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Ndaba’s party will be called Botswana Peoples’ Movement

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The Ndaba Gaolathe-led faction of Botswana Movement for Democracy (BMD) is on the verge of registering a new party, this publication has learnt. One of the names which will be submitted to the Registrar of Societies is the Botswana Peoples’ Movement (BPM). “Almost everything is in place now.

Even the constitution of the party is ready. What remains is for the party to be registered,” said a BMD member who belongs to the faction commenting on condition of anonymity. Asked whether there is a need for a new party when the Umbrella for Democratic Change (UDC) is working on reconciling the Gaolathe-led and Sidney Pilane-led factions, the source said that the steps that have been taken so far in the direction of the formation of the new party were informed by lack of trust in the UDC. “Some people in our faction do not trust the UDC to handle the matter expeditiously and professionally,” revealed the source who noted that, in the opposition cooperation talks, the UDC leadership has shown a bias towards the Botswana Congress Party (BCP) at the expense of especially Gaolathe and his faction.

“The UDC may either delay the reconciliation process or mishandle the whole thing to collapse the BMD so that the constituencies awarded to us are then given to the BCP,” he continued. The source also added, it is imperative to form the party so that if the reconciliation process fails leaving only the court option, the Gaolathe-led faction will coalesce into a fully-fledged party with its own identity and possibly then affiliate to the UDC. It is alleged that in the formation of the new party, Gaolathe and company are being encouraged by, not only members of the faction but by disgruntled members of the Botswana Democratic Party (BDP) and those of some opposition parties.

“The Barataphathi faction will not reconcile with their party. They intend to prevent Mokgweetsi Masisi from becoming the next President. They are pressuring Gaolathe to form the party which they will then join. If the situation allows it, the party will then join the UDC,” explained the insider. He said that several BDP Councillors and Members of Parliament (MPs) are ready to join the party. “If things go their way, the party will not join the UDC because they may not be allowed to contest unchallenged even if they are incumbent.

The UDC has got its own people but with the new party they have a better chance of contesting,” said the source. He revealed that a section of the Botswana National Front (BNF) activists who are not happy with Duma Boko’s leadership of both the BNF and UDC, will break away and join the new party. “As for the Botswana Peoples’ Party (BPP), some in the leadership are ready for its dissolution. Its members, if things go according to plan, will become some of the founding members of the new party,” said the source who indicated that should the UDC not solve the BMD impasse by end of this month, all the processes to register and announce it will be put in motion immediately. Secretary General of the faction, Phenyo Butale, was cagey about the allegation.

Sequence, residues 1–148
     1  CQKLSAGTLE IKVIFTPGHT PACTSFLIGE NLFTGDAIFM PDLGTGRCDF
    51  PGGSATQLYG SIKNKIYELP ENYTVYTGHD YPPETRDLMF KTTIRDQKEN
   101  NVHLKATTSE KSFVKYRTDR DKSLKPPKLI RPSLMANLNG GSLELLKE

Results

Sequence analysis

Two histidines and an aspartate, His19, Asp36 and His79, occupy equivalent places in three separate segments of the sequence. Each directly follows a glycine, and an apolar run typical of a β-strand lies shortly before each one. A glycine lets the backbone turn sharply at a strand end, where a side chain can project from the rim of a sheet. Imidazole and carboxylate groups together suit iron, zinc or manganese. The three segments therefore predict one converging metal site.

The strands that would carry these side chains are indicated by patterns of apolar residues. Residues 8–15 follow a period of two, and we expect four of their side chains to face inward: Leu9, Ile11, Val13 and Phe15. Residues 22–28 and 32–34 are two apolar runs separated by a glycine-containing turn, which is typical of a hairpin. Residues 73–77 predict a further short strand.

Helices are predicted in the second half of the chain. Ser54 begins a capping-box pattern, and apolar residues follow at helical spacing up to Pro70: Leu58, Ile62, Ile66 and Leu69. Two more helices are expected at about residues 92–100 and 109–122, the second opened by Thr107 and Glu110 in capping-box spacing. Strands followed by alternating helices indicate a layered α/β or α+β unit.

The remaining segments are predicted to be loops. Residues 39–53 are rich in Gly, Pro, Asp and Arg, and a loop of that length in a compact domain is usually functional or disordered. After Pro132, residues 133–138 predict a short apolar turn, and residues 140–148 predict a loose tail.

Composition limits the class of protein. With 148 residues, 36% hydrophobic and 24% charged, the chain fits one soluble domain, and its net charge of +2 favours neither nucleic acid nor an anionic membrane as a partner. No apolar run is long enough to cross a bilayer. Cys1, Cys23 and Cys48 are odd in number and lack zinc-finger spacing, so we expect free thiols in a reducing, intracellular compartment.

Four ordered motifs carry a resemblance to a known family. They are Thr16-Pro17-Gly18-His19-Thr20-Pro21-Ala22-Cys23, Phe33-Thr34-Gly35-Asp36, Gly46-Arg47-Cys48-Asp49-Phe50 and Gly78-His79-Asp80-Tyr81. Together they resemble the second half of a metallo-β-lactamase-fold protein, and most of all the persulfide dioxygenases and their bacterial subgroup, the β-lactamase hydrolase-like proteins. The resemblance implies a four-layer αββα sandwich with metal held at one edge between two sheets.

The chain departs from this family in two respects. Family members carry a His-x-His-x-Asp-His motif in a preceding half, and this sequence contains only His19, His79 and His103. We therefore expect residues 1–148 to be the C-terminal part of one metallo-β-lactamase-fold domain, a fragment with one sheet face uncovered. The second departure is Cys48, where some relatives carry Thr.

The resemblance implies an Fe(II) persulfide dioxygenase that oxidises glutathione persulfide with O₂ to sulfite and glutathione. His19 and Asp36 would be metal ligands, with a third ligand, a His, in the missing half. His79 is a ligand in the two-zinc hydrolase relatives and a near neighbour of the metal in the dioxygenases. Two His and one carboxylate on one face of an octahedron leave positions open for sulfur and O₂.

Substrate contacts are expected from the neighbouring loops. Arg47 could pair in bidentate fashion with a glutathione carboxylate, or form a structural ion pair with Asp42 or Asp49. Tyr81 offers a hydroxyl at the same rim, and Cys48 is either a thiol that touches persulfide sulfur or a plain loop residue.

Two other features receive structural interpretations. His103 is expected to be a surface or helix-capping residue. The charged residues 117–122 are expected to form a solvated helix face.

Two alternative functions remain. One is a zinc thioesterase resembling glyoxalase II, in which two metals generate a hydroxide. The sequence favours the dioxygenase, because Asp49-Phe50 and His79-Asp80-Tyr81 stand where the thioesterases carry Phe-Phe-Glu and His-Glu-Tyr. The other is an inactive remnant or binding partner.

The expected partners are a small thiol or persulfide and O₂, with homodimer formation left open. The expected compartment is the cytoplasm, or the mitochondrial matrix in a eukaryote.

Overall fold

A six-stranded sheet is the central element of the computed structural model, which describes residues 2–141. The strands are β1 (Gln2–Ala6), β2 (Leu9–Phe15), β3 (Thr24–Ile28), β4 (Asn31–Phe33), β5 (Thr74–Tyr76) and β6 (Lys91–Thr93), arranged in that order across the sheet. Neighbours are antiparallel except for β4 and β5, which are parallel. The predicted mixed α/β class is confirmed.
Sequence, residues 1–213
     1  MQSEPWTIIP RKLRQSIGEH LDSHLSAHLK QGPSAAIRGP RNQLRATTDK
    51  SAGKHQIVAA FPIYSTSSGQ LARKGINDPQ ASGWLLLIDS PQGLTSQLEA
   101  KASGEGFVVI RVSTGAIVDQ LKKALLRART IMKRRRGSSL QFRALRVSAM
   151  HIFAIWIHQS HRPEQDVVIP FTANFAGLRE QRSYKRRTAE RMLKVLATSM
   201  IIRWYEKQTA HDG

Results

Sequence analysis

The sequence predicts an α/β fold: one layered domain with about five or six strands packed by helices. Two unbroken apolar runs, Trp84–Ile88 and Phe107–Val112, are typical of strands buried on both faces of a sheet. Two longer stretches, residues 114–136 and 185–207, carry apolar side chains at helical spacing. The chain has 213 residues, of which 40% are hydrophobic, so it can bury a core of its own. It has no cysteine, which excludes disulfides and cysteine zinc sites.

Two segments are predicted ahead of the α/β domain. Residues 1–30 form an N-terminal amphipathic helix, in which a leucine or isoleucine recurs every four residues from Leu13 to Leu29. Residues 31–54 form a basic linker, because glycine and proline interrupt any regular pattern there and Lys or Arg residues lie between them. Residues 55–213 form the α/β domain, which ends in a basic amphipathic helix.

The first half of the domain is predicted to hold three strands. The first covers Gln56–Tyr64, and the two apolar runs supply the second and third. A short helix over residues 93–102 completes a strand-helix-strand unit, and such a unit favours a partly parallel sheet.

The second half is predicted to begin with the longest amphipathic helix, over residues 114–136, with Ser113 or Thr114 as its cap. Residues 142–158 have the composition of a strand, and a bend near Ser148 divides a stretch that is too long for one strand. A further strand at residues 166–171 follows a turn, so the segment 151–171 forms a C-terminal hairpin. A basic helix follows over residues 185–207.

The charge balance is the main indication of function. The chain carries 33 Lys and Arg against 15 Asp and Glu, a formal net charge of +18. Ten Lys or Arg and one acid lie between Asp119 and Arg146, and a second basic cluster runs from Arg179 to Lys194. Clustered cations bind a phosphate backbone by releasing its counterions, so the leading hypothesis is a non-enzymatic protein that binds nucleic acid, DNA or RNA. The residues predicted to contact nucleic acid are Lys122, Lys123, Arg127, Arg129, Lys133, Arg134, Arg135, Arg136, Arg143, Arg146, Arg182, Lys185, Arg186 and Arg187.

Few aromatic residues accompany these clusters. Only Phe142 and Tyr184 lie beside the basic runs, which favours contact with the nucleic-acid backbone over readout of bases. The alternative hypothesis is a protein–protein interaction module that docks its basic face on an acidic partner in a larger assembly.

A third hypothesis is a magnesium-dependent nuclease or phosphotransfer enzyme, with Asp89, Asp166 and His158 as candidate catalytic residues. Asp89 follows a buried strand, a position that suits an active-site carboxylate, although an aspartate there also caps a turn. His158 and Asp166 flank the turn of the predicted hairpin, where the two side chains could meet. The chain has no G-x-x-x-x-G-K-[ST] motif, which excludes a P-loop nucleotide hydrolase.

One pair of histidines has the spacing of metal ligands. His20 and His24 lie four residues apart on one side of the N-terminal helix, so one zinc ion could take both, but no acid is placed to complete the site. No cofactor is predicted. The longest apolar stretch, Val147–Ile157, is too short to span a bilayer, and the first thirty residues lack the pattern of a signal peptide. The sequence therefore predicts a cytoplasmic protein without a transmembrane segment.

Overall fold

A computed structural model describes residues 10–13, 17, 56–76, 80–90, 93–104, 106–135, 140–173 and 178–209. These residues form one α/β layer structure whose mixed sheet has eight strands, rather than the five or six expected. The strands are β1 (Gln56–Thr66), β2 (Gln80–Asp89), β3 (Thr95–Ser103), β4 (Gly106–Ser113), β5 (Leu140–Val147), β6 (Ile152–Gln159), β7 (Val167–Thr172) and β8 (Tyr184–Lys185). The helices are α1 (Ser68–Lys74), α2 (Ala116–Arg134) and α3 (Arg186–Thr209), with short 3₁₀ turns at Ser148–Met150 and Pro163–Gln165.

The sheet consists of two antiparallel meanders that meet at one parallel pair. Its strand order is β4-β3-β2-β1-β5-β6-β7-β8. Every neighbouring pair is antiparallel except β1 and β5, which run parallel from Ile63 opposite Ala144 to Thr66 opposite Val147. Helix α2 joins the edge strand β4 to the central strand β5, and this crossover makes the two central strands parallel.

“That is baseless speculation. Our focus is on the reconciliation efforts by the UDC,” was all he could say. He however admitted that he is aware of the allegation that his faction is registering a party. At a press conference in Francistown recently, president of the UDC, Duma Boko said he was not aware of the plans by the BMD-Gaolathe faction to form a party. The UDC is currently in mediation efforts between the Gaolathe led and the Sidney Pilane-led BMD factions.

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‘Give us water’ campaign ups the ante

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WHITHER THE WATER: The water tanks in Molepolole have not been of any help to the residents

The ‘Give us water” campaign at Molepolole is gaining momentum. The group made up of the young and old is determined to fight for a basic need of life that has over the years proved scarce in the village – water.

The residents have gone thirsty for many years and to date, the situation remains the same. The taps have completely dried up and they survive by buying water on a daily basis.
Early last year, the people of Molepolole felt enough was enough and even petitioned Water Utilities Corporation (WUC).

According to the campaign’s Publicity Secretary Oreeditse Nyatso, WUC then responded to say that it was aware of the situation in Molepolole and would normalise things in the near future. However, that has not happened and they continue to suffer.

Seeing that things were stagnant, the campaign committee appealed to the community during the festive season to make suggestions on how best to find solutions. “Bakwena have grown impatient and it was evident during the meeting that they go to work dirty, they drink almost any drop, clean or not, to try and quench their thirst,” he said. Nyatso told this publication that the Molepolole people have lost confidence in WUC.

They were even angered by the WUC press release on the 30th of December 2018 which attributed the water challenges to power cuts. They are disappointed that the blame has now being pinned on Botswana Power Corporationn (BPC) when they have been struggling for the longest period.

Given the current situation, Molepolole is said to be planning to ask the government to bring back the Department of Water Affairs. They believe WUC has failed Molepolole dismally since it took over from Department of Water Affairs in 2011.

Another meeting with all stakeholders is slated for 26th January 2019. Meanwhile, WUC has assured residents via a press release a fortnight ago that they are working around the clock to restore the situation.